How to Hit in the Clutch

It can make or break your reputation. If you can do it, they'll talk about you in awe long after you've left. If you can't you'll always have that proverbial asterisk next to your name.

So, why can some guys make clutch situations look like batting practice, while others choke time and time again?

More: How to Build Mental Toughness

The Hidden Side of Baseball

The secret? It's all upstairs, my friend. The higher you advance in baseball, the more true this becomes.  In fact, the biggest reason for success in the Majors after staying healthy is proper mental strength and ability.

So, knowing that, the question that's always asked is, "Can you become a better clutch hitter or are you simply born with or without the ability to do so?"

The g ood news is you can develop the ability to hit in the clutch. And, if you can get past a few common mistakes, you too can come through in the clutch like Big Papi or Man Ram.

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Today I'm going to focus on the three major skills that will help you become a great clutch performer.  And remember, "clutch" is relative. For some it's game seven of the World Series.

For others, it's making contact against the hardest throwing pitcher in your Little League. What I'm going to explain will work at ANY level in ANY situation, on and off the field.

Halfway There

The first key is to NOT change a thing. Most hitters make the mistake of trying to do too much or something they simply cannot do. You hear the phrase "Step Up", but the reality is the players that "step-up" simply do what they always do, they don't change a thing. And since pressure (internal or external) destroys most guys and makes them play at a lower level than they usually do, if you can just do the things you always do, you'll "step up" without changing a thing!

More: Swing Techniques for Young Hitters

Remember, in a pressure situation everyone is in the same position. As a hitter, it may seem that the pressure is only on you, but there's pressure on the pitcher to make his pitches. There's pressure on the fielders to make the play, routine or highlight. There's pressure on the catcher to call the right pitch. There's pressure on the coaches and manager of having their players in a position to succeed.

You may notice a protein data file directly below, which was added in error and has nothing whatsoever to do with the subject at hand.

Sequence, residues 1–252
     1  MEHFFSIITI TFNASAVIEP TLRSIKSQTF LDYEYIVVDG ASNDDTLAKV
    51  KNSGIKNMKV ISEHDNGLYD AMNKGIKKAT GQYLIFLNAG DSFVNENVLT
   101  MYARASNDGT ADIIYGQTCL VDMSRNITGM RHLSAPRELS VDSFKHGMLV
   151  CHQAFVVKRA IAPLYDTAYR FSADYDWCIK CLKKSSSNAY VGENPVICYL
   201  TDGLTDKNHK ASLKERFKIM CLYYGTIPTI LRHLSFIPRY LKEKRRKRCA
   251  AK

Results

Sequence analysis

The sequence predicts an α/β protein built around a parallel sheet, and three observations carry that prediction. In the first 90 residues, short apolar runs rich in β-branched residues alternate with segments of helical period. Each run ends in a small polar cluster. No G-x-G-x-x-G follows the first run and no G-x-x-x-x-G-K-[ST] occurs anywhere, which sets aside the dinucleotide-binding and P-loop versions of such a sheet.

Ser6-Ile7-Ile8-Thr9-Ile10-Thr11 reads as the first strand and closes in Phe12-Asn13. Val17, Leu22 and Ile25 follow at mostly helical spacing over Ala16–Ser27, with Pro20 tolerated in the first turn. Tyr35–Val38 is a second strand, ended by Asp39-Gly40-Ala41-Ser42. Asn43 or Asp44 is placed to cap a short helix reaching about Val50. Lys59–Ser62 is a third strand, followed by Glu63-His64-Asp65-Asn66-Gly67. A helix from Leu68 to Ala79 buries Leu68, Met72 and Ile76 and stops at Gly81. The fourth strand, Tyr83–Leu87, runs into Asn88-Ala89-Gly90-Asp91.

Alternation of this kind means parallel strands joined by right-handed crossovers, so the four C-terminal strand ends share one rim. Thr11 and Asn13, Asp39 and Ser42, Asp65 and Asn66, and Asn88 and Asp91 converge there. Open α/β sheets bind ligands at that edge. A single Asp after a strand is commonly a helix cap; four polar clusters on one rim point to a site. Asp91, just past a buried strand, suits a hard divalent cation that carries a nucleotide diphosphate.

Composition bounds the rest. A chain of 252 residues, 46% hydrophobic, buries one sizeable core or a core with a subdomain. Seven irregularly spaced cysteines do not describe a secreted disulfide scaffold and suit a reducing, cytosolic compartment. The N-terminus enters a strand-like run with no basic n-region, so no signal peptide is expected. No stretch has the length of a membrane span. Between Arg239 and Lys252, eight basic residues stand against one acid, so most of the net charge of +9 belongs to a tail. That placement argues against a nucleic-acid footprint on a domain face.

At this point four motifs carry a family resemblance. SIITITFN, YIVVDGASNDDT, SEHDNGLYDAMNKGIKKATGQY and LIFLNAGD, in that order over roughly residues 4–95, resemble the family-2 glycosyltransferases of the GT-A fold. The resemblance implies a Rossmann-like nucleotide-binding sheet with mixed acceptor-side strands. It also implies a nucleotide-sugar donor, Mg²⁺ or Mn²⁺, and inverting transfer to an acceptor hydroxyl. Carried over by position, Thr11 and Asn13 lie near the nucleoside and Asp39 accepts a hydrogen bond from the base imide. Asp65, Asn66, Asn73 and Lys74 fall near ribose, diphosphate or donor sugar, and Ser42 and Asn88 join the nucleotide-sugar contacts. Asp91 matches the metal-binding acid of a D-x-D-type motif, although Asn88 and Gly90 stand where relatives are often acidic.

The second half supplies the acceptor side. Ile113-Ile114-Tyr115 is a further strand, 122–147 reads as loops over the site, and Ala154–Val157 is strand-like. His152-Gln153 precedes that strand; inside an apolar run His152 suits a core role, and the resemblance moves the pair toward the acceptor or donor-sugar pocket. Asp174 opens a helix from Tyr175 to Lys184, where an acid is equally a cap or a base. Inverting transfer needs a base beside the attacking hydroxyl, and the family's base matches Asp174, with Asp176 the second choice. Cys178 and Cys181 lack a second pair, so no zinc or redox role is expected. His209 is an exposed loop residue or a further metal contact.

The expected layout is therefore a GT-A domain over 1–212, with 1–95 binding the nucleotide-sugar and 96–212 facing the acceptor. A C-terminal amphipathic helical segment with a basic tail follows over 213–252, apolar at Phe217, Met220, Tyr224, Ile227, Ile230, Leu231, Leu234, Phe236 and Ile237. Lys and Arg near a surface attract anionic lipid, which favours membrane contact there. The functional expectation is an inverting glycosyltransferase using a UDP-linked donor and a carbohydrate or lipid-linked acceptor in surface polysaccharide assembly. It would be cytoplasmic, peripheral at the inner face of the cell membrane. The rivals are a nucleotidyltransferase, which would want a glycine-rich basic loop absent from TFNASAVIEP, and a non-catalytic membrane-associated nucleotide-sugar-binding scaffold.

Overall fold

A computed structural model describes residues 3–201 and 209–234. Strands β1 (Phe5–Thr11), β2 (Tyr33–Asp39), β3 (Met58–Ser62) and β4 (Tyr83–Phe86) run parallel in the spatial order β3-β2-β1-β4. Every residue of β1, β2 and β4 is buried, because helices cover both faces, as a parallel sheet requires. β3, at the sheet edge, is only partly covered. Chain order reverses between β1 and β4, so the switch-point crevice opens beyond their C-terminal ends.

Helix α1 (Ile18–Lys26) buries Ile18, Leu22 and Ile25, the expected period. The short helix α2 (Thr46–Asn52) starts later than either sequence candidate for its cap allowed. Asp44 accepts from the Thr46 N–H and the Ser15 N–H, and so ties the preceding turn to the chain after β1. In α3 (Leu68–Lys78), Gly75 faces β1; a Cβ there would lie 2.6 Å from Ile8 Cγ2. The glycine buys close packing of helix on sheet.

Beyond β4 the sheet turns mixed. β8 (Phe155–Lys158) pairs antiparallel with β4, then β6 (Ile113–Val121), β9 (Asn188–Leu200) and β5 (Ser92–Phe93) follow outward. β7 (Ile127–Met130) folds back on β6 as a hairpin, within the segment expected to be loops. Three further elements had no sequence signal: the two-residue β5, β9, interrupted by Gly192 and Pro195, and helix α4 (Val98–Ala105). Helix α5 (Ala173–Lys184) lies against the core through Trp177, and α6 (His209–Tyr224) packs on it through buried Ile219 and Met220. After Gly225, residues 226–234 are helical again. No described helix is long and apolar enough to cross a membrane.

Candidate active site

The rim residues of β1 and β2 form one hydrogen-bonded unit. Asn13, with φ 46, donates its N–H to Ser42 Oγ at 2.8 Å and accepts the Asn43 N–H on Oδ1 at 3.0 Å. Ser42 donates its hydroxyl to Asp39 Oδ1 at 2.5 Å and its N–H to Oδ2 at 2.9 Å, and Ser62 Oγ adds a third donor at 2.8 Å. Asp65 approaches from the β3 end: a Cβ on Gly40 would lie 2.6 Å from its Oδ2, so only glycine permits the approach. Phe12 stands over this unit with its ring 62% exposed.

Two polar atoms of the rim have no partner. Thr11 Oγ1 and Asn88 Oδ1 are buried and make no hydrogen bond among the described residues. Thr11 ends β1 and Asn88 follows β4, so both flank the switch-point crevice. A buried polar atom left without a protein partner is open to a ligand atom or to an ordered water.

The Science of Being Clutch

Did you know the body responds to "pressure" with a chemical and hormonal response? If you think of pressure as bad, your body will become tight, your heart rate will increase significantly and a great deal of the hormone cortisol will be released. A chance of you coming through in the clutch is slim to none.

However, if your mental strength is where it needs to be, your brain will release a series of chemicals called "Alpha" waves – which has been proven in science to increase athletic performance! In fact, all great athletes automatically release Alpha waves before they throw, run or hit. This may be the true "secret" that separates the pros from the amateurs.

You must believe in yourself. Odds are, if you don't believe you can do something, then you won't be able to. As the old saying goes, "Whether you think you can, or think you can't, you're probably right."

Some players really struggle with this. If there's always been negativity around you from your family, coaches and teammates, it may be difficult to think positive.

Since I'm the bearer of good news today, I'm here to tell you that you CAN improve this simple, yet difficult task of "belief".

To recap, in order to become a great clutch hitter you must focus on 3 main aspects:

  1. Don't Change A Thing! – Develop a routine and stick to it – EVERY single time. Consistency
  2. "Pressure" is what you make it – It's your choice to make it a big deal or not.
  3. Trust Your Preparation – The work you put in during practice will serve you well during games. The key is to trust this is the case

More: Hitter's Guide to the Curveball


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About the Author


Jon Doyle MA, CSCS is considered the world's foremost authority on baseball training.  His training techniques have been used by over 500 MLB players, 28 MLB teams, 400 NCAA programs and tens of thousands of High School and youth players to gain a significant advantage of their competition. His website, BaseballTrainingSecrets.com , is the most visited site of its kind in the world.

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